I do wear the neutrals – your grays, blacks, browns and tans – as a basis for some type of color.  I would have made a terrible Goth going around trying to add a spot of color to everyone else’s outfit.  Just ask anyone I see regularly who wears too much black.


How about you – how does color affect you?  Or doesn’t it?


© 2013 BAReed Writing | Practical Business, All rights reserved

In Our Circles

Growing up, The Carol Burnett Show was part of prime family time each week, bits and pieces of the skits becoming part of our family vocabulary and identifying points.  Madeline Kahn was a frequent guest on the show and one of her skits where she played a pretentious acting coach for Eunice was a favorite for us.  Something that Madeline says repeatedly in this skit, ‘in our circles, in our circles, in our circles’ became part of our family sayings.


Madeline Kahn publicity shot

Madeline Kahn publicity shot

Madeline Kahn was spoofing Method Acting concepts for great hilarity, but this phrase has come to represent both an effort to center myself and a way to be aware of my comfort zones.  Even when firmly in our comfort zones, we can still need to center ourselves at times.  And we really need to be aware of how to center ourselves when we are outside of our comfort zones.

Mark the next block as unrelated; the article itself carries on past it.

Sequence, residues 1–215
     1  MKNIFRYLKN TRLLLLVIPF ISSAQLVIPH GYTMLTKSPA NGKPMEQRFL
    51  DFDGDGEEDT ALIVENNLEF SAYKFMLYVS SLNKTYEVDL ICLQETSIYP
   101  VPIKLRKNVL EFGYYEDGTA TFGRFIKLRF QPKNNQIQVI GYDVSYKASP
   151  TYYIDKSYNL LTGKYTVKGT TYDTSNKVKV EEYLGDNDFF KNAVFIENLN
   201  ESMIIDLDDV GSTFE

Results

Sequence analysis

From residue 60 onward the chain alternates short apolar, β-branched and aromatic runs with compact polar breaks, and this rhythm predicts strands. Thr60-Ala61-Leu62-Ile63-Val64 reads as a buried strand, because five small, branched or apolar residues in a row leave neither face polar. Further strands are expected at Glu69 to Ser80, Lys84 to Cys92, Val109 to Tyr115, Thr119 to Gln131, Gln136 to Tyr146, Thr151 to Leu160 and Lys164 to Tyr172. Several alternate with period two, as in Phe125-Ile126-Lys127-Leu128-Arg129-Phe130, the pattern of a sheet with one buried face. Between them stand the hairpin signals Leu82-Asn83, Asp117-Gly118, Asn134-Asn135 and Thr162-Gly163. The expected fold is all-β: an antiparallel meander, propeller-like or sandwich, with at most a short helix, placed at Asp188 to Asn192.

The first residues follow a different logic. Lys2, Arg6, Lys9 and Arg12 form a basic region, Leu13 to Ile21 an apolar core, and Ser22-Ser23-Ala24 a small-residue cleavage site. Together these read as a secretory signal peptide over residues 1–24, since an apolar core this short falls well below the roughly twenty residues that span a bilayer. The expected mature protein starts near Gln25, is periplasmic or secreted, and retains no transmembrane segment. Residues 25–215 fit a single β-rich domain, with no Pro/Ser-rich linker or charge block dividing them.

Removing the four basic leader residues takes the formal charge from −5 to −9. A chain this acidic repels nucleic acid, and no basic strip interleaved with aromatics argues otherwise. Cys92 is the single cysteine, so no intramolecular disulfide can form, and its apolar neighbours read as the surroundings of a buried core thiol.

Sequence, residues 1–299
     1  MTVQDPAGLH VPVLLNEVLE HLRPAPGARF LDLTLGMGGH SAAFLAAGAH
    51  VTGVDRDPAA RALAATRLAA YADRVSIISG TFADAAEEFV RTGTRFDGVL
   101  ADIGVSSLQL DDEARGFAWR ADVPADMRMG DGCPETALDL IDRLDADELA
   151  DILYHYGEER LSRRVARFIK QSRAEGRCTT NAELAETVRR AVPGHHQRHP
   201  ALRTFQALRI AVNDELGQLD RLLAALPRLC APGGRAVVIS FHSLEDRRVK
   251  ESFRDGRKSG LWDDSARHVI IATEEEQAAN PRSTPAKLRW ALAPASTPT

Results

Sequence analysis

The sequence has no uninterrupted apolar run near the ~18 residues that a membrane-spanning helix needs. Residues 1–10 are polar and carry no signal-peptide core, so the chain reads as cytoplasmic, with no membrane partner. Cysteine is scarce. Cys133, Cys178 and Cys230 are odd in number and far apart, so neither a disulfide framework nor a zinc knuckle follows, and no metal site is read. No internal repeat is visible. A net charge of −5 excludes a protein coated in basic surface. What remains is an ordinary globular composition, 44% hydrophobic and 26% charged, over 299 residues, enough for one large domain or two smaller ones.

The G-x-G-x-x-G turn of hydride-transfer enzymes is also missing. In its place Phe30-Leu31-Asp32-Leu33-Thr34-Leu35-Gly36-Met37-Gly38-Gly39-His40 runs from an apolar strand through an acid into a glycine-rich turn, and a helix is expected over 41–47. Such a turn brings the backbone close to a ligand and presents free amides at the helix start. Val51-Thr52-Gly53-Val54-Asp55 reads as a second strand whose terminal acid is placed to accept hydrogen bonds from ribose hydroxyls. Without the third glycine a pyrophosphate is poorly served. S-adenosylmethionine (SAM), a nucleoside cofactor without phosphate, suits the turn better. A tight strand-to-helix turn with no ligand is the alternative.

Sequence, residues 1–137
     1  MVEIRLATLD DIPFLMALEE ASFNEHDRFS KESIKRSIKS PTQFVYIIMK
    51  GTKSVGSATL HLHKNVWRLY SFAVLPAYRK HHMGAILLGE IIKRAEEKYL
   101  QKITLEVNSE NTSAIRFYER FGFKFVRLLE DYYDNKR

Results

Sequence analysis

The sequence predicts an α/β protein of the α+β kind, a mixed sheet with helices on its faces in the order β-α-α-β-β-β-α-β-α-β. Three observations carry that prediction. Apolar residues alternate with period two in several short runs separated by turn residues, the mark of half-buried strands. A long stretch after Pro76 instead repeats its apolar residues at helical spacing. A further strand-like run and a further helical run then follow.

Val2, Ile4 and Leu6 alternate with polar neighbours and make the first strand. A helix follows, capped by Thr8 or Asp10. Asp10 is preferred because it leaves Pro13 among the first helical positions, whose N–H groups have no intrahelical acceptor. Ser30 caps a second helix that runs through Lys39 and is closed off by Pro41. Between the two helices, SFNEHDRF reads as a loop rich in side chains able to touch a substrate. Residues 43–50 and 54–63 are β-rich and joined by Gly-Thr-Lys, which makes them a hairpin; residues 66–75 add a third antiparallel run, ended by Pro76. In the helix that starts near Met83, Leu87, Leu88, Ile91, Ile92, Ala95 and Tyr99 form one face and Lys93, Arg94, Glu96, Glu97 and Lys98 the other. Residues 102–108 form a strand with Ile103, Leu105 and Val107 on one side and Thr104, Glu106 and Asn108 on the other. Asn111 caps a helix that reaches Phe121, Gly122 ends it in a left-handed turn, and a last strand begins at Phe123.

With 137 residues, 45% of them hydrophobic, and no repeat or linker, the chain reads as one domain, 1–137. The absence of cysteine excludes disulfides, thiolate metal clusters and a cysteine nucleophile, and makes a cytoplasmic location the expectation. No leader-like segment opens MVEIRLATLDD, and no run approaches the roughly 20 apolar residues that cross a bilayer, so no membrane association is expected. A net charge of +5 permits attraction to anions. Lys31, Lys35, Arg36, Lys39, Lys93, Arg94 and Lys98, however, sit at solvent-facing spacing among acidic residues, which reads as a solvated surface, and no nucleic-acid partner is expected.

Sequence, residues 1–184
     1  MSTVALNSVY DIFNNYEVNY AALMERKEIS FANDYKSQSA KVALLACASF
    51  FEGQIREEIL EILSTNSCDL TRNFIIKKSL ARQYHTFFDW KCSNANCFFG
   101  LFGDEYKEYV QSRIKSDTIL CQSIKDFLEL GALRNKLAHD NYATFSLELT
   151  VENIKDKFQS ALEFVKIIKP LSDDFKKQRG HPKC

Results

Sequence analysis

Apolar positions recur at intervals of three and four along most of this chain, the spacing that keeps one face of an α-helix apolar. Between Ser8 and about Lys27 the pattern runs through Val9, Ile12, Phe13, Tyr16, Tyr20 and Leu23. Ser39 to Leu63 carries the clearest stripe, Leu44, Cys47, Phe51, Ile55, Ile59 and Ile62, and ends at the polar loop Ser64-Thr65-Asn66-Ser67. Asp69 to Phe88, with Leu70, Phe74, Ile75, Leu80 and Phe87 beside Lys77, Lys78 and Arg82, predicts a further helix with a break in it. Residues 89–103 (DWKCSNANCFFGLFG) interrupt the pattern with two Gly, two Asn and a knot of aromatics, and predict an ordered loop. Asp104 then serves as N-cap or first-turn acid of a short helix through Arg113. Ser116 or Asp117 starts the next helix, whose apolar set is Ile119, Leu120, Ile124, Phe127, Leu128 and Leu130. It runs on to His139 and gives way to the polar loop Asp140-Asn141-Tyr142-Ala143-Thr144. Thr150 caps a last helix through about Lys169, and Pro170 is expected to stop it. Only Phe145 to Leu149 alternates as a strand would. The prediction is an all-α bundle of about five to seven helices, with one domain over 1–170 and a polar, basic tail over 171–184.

Madeline Kahn had this wonderfully rich, theatrical voice and I can still see her now – head slightly tilted forward, eyes closed and hands circling around as she chanted, ‘in our circles, in our circles, in our circles’.  (Carol Burnett as Eunice lapping it all up and imitating every action.)  This is a great example of how humor can impact us well beyond the stress-relieving immediate laughter.